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> August 16, 2006
post Aug 21 2006, 02:28 AM
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Group: TREC Team
Posts: 27
Joined: 19-July 06
Member No.: 39

August 16, 2006

From midnight until 2:30 we worked on the cage. Mark tried his magic on the Bolt gun hoses. Every time that we had deployed the guns, within a couple of hours the air lines were leaking. Maybe his combination of taping and twisting the hoses would be the key to success. We put the cage in the water and I headed to bed.

For everyone involved in coring, it was a day to get gear ready for the next station and make sure that the cores were properly cataloged. Anatoly and Harm were making preparations for instrument collection from the ice once the seismic line was concluded. The watch standers continued 24 hours a day keeping the data log and maintaining the Knudsen and Seabeam. With the cage in the water, the Marine Mammal Observers were also working around the clock on the bridge.

I awoke at 7:45 with a call from Kevin. They were ready to bring the cage up for a check. By the time I was dressed and on the fantail, they had already brought the cage on and redeployed. Nothing needed to be fixed. No leaks. No loose bolts. Nothing. We had gone over five hours without a failure on the guns or cage of any type. With such a fast turn around on the cage, we could go right back to shooting all seven guns without having to go through the marine mammal ramp up procedure.

I headed up to aftcon to see if I could help since everything was in good shape on the deck. Mark had gone to bed, and Steffen was managing the gun controllers. I took mover for him and he headed down to the fantail. The compressors were not maintaining pressure, so I had to switch guns on and off to keep the pressure high enough to fire the guns properly. Steffen and Russell worked to keep the compressors running. Despite all their efforts, we could only maintain high enough pressure to use five guns instead of the seven that we preferred.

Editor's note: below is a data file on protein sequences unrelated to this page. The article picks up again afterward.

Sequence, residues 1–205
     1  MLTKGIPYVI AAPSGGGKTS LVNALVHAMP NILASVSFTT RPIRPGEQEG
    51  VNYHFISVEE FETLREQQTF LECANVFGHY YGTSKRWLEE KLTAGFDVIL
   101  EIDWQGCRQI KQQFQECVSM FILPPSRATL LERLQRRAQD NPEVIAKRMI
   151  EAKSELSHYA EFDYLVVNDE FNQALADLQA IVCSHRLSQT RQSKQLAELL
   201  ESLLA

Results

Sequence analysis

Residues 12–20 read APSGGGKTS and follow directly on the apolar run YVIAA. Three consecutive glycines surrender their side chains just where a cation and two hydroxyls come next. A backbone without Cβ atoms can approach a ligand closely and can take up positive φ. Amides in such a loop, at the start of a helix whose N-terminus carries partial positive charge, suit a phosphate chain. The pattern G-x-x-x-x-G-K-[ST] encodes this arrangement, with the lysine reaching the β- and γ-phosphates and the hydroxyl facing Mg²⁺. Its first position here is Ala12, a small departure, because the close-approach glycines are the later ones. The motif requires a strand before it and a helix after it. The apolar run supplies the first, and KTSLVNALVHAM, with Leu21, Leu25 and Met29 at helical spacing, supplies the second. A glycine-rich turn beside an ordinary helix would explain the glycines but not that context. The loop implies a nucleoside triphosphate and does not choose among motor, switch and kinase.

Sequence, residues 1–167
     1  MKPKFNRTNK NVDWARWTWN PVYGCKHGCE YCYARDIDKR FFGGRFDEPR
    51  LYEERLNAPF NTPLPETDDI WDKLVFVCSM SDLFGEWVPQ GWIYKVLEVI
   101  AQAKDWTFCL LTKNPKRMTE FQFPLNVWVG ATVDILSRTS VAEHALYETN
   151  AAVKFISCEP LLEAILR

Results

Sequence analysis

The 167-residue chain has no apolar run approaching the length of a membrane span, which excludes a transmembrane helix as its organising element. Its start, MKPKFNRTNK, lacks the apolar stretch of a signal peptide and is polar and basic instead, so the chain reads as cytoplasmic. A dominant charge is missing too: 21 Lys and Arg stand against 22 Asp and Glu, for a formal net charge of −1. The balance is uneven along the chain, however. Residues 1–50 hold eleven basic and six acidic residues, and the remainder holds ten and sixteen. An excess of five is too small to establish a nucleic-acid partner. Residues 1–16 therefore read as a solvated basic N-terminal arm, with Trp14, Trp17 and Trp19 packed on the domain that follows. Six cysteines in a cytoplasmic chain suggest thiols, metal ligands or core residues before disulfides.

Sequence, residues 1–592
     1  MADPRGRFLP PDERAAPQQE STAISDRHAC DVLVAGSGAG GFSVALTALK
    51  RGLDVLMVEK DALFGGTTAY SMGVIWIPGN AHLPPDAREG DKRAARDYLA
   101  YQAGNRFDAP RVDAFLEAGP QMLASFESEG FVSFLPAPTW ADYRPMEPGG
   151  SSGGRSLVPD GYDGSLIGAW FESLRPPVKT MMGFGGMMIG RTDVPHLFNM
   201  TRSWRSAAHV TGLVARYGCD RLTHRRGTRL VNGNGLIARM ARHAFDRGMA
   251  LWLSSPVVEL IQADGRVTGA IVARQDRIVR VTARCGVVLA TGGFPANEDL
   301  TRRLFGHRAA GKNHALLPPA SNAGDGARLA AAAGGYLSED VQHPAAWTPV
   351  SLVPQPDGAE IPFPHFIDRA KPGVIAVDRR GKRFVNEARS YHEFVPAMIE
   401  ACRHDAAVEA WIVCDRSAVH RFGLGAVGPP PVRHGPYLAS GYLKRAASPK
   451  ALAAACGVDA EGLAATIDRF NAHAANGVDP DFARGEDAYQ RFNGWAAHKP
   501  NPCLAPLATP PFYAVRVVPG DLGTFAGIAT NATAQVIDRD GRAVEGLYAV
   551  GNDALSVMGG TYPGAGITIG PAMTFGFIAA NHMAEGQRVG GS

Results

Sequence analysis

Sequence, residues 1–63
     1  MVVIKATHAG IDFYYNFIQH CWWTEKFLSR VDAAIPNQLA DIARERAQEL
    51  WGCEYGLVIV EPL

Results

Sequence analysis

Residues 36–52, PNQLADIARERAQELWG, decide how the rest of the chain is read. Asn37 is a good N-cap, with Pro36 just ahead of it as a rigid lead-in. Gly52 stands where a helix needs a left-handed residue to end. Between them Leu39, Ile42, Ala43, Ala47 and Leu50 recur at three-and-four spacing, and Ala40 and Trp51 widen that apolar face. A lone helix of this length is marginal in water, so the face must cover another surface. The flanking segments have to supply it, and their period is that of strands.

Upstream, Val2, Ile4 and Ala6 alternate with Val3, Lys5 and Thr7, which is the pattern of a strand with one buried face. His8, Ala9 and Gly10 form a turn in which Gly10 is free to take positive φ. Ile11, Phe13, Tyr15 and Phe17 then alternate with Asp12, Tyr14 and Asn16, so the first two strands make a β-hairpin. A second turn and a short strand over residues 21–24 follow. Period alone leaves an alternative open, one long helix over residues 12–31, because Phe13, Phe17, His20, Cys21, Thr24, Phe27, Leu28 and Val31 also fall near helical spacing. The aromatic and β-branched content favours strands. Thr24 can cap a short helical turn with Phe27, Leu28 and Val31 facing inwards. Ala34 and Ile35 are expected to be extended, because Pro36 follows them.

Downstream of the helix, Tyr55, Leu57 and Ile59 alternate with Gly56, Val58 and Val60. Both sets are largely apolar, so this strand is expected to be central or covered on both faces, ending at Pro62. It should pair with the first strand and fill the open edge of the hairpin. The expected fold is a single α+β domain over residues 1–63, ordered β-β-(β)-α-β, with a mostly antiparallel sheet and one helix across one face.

By 10:00 we were shut down to one gun due to a seal that was spotted by the Marine Mammal Observers in the contact radius. Within 5 minutes, the seal was out of range and we brought all the guns back online. By 11:00 it was clear that we would have to shut down the failing compressor and bring the reserve online. After lunch, we had three compressors going and still were having difficulty making enough air. At 1:00 we brought the guns back on deck. The only repair was on the air hose to gun number 1 that had developed a leak.

Even with the compressor problems we continued throughout the afternoon with six guns. We did our next check at 4:50, took time for dinner and made repairs on all three Bolt air hoses and secured the bolts on the GI guns. By 6:50 we had the cage back in the3 water. Larry said that he thought that we would continue to the end of the seismic line. That would take about 8 hours. Sometime tomorrow morning, we would be done with the seismic refraction line, and then we would send out the helicopters to recover the instruments on the ice.

We would continue working well past midnight.
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